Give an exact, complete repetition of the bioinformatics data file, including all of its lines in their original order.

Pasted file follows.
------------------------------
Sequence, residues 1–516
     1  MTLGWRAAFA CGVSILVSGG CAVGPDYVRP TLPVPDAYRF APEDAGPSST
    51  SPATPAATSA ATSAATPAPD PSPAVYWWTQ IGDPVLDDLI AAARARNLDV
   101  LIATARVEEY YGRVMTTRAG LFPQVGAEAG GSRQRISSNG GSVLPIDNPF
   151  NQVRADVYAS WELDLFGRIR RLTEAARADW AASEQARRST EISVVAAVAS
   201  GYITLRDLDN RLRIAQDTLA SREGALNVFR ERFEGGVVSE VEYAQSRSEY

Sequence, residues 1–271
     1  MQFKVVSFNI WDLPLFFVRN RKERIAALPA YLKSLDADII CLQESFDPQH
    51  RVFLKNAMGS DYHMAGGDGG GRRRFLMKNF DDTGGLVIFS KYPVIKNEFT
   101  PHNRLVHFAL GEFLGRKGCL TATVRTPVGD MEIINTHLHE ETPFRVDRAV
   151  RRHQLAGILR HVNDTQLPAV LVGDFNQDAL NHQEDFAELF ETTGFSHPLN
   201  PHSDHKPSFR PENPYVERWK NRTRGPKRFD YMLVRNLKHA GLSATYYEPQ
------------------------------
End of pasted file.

Sequence, residues 1–516
     1  MTLGWRAAFA CGVSILVSGG CAVGPDYVRP TLPVPDAYRF APEDAGPSST
    51  SPATPAATSA ATSAATPAPD PSPAVYWWTQ IGDPVLDDLI AAARARNLDV
   101  LIATARVEEY YGRVMTTRAG LFPQVGAEAG GSRQRISSNG GSVLPIDNPF
   151  NQVRADVYAS WELDLFGRIR RLTEAARADW AASEQARRST EISVVAAVAS
   201  GYITLRDLDN RLRIAQDTLA SREGALNVFR ERFEGGVVSE VEYAQSRSEY

Sequence, residues 1–271
     1  MQFKVVSFNI WDLPLFFVRN RKERIAALPA YLKSLDADII CLQESFDPQH
    51  RVFLKNAMGS DYHMAGGDGG GRRRFLMKNF DDTGGLVIFS KYPVIKNEFT
   101  PHNRLVHFAL GEFLGRKGCL TATVRTPVGD MEIINTHLHE ETPFRVDRAV
   151  RRHQLAGILR HVNDTQLPAV LVGDFNQDAL NHQEDFAELF ETTGFSHPLN
   201  PHSDHKPSFR PENPYVERWK NRTRGPKRFD YMLVRNLKHA GLSATYYEPQ